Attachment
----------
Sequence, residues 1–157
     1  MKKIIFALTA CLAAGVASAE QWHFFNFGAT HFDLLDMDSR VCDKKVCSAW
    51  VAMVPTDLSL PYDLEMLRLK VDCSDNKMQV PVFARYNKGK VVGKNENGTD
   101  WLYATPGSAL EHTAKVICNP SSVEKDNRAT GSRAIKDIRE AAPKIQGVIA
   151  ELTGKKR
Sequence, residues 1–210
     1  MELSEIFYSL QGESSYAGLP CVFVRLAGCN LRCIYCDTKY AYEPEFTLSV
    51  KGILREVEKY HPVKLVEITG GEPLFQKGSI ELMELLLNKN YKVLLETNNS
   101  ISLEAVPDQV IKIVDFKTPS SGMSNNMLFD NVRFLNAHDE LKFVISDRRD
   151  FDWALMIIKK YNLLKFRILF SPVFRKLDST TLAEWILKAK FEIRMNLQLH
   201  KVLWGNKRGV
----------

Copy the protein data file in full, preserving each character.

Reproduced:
Sequence, residues 1–157
     1  MKKIIFALTA CLAAGVASAE QWHFFNFGAT HFDLLDMDSR VCDKKVCSAW
    51  VAMVPTDLSL PYDLEMLRLK VDCSDNKMQV PVFARYNKGK VVGKNENGTD
   101  WLYATPGSAL EHTAKVICNP SSVEKDNRAT GSRAIKDIRE AAPKIQGVIA
   151  ELTGKKR
Sequence, residues 1–210
     1  MELSEIFYSL QGESSYAGLP CVFVRLAGCN LRCIYCDTKY AYEPEFTLSV
    51  KGILREVEKY HPVKLVEITG GEPLFQKGSI ELMELLLNKN YKVLLETNNS
   101  ISLEAVPDQV IKIVDFKTPS SGMSNNMLFD NVRFLNAHDE LKFVISDRRD
   151  FDWALMIIKK YNLLKFRILF SPVFRKLDST TLAEWILKAK FEIRMNLQLH
   201  KVLWGNKRGV